By Ashna Hussain:
In 1863, U.S. President Abraham Lincoln captured the essence of democracy in a single phrase: “Of the people, by the people, for the people.” The idea behind this famous catchphrase was to promote a government that would be directed by the citizens of the nation.
Now, let us extend this basic concept to other aspects of society, more specifically to the way mental health campaigns are designed and promoted. Mental illness is a serious problem in society as it creeps into a person’s life predominantly during adolescence and festers on to adulthood if not treated.
Consider this scenario: Every morning, a young person wakes up and feel like they are a waste of space. They can feel a big grey cloud looming over them; they stopped seeing the colour in life a long time ago. For them, suicide has become a fantasy. Seeking help is the obvious way to go, but they can’t seem to find the right help.
Of course, you may be thinking, “But there’s plenty of mental health services out there!” The problem here is not the availability of mental health services, it is the quality of those services. Perhaps the two most important questions to be asked are: “Do these services connect with young people on a personal level?” and “Is the information relevant, realistic and understandable?”
This summer I was fortunate enough to be part of the Safe and Well Online project through the Undergraduate Summer Research Program. I worked in collaboration with Dr Phillipa Collins and Dr Teresa Swist who were exploring the experience of young people involved in the development of four mental health campaigns; Keep it Tame, Something Haunting You, Appreciate a Mate and Goalzie. These campaigns were democratic – they were co-designed by young people, for young people.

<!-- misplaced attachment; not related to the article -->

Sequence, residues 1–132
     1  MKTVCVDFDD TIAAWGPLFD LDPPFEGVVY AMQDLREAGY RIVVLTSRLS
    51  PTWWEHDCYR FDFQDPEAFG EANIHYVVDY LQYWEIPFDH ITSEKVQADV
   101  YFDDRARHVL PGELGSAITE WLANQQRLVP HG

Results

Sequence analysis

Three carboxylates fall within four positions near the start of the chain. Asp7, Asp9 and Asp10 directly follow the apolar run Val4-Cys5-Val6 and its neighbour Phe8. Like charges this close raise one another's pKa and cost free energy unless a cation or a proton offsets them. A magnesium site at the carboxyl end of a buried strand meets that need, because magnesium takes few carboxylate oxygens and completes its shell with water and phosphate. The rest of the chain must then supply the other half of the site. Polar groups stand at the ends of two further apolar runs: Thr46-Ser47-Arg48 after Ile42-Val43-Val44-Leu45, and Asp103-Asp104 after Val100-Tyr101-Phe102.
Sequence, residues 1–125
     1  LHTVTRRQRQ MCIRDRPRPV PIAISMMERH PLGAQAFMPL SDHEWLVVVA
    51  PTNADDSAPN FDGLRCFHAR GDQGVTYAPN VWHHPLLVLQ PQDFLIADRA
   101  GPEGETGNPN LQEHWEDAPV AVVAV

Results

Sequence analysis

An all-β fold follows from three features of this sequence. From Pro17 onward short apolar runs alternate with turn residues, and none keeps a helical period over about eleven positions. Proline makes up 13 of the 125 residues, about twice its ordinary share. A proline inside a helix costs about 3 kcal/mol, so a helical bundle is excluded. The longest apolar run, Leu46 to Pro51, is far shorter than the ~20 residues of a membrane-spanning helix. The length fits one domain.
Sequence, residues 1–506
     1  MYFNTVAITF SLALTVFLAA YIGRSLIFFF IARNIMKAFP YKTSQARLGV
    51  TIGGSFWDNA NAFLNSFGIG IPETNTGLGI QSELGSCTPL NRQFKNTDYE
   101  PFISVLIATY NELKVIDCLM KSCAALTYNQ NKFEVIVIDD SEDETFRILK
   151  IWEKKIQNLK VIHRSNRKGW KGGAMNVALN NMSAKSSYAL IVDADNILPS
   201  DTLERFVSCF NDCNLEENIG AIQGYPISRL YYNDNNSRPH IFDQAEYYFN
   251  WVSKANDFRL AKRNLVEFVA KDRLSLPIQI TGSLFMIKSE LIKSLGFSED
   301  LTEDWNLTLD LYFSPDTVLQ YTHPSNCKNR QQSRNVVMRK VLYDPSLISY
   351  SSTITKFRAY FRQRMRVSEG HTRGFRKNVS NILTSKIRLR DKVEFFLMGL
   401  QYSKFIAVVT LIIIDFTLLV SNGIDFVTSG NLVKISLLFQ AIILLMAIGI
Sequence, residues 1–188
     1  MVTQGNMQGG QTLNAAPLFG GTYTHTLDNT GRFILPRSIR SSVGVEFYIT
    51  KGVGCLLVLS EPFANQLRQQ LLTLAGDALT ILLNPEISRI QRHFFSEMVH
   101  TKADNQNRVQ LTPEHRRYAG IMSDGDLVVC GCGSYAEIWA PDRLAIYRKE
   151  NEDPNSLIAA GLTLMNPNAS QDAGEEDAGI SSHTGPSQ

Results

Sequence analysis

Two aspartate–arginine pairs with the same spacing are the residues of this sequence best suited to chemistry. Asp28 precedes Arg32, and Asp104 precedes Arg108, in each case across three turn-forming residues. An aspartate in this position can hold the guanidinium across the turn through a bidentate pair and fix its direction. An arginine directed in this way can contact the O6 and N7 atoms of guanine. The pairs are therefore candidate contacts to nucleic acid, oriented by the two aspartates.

As part of my research, I was required to evaluate whether participation of young people resulted in the much needed quality of mental health campaigns. I analysed 12 interview transcripts of young people who had been part of the design and development of the 4 campaigns, exploring their perspectives on the value and impact of their involvement. What was it that young people looked for in mental health campaigns?
I found exactly what I expected to find: young people made all the difference in the world in the development of the campaigns. These campaigns were engaging, interactive and most importantly positive. They made young people feel like someone out there cared for them. They empowered young people in their approach to seeking help – they were in control of their actions and decisions. They promoted positivity and focused on the benefits of using technology to seek help.
This research was a great experience for me since I plan to pursue a postgraduate research career. I learnt new skills, such as sifting through piles of academic literature (a pain in the backside!) and writing up a research report. I discovered the value of constructive criticism –there is always room for improvement. Most importantly though, I gained a whole truckload of confidence. I did the unimaginable (well, for me it was) – I presented my research in front more than 50 people. Being an extreme introvert, I despise any sort of attention thrown on me, so I consider this presentation a very important milestone in my short life of achievements.
Research aside, it was an enlightening journey for me. I realised that mental illness was a highly complex issue – my basic and essentialist perceptions were dangerous since I could easily misinterpret mental health situations and contexts. My increased mental health awareness has allowed me to appreciate and acknowledge the importance of effective mental health services.